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Figure 4. Post treatment of anaerobic co-digested digestate for bio-product formulation; (A) Effect on VS and Carbon content, (B) Effect on EC and pH.

In case of pH, aerobic post treatment increases an overall pH of the digestate up 8.32 which is very favorable for soil application (Figure 4B). The basic reason of low pH in anaerobic digestion production of organic acid in high quantity which inhibit the digestion process (Yang et al., 2015; Zhang et al., 2018), but in the present study the pH of 7.29 showed that there were limit accumulation of organic acids and aerobic post treatment has further improved the pH of the digestate. Electrical conductivity is another important indicator of quality of digestate which mainly represents the concentration of salts and ions. EC values of 3.62 dS/m was found in anaerobic fresh digestate which is further lowered to 1.81 dS/m after aerobic digestion process (Figure 4B). EC can influence seed germination in contact with digestate, where lower EC is more favorable for seed germination (Coelho et al., 2018). This showed that EC of the digestate could be improved by post treatment of digestate in order to cause least negative effect in soil due to higher EC.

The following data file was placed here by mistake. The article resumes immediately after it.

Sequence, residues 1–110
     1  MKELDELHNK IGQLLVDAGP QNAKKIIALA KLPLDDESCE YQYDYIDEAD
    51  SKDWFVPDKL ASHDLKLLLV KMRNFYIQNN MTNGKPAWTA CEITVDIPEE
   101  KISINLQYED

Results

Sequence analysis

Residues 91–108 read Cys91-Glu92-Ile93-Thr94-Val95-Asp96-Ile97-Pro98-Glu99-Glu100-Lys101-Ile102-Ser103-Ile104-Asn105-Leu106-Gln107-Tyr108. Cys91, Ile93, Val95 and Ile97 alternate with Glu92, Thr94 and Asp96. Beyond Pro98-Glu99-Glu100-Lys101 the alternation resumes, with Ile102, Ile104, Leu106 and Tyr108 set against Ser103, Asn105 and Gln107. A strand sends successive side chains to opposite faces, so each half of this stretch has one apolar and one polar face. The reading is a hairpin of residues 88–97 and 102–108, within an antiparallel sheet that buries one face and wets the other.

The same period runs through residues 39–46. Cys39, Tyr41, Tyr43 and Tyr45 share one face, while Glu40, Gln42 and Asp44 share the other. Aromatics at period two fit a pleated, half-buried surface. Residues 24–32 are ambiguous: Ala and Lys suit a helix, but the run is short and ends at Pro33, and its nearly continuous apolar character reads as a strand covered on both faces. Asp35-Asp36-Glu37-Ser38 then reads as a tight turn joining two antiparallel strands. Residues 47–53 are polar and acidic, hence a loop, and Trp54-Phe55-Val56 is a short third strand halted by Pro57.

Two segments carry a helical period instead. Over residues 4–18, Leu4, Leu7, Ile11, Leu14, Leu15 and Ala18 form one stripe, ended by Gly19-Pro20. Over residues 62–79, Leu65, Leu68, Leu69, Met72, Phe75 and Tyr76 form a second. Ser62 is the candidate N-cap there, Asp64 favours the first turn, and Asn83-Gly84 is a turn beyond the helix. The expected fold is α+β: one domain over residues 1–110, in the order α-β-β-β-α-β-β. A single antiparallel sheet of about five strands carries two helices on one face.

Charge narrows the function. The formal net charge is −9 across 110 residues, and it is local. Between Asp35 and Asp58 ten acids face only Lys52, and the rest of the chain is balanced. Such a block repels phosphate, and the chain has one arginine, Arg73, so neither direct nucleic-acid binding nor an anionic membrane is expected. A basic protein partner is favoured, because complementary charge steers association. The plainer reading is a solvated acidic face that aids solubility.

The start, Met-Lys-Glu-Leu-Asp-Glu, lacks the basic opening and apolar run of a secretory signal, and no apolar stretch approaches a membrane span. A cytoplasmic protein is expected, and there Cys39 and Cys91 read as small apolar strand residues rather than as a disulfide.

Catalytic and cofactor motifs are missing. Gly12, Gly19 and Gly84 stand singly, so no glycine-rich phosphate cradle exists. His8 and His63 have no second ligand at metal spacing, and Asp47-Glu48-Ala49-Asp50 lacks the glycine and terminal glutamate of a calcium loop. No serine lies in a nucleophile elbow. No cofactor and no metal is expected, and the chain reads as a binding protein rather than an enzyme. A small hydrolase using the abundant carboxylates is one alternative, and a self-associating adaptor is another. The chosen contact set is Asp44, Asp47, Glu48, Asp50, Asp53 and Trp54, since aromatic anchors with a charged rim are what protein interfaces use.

Phytotoxicity Analysis of Digestate

Phytotoxicity is widely applied and promising parameter to evaluate digestate application on plants which describes the index its overall eco-toxicological impact (Da Ros et al., 2018). The phytotoxicity test of both untreated and post treated digestate at varying digestate solution (5, 10, and 20 g per 100 ml water) was performed using seed germination assay on wheat seeds. The results regarding seed germination percentage are described in Figure 5. Seed germination was continuously increased in case of control (Water only) where after 72 h 91% of seed were observed fully germinated. When digestate was applied G% was lowered where only 17 % of germination was found even after 72 h in D20 (20 g untreated digestate/100 ml water) (Figure 5A). However, a slightly higher G% (38 and24%) was found in D5 and D10, respectively after 72 h. This shows that the digested without post treatment cause swear toxicity to wheat seed which in increased as the concentration of digestate increase.

FIGURE 5
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Figure 5. Seed germination assay; (A) Seed germination percentage using un-treated digestate, (B) Seed germination percentage using aerobic post treated digestate.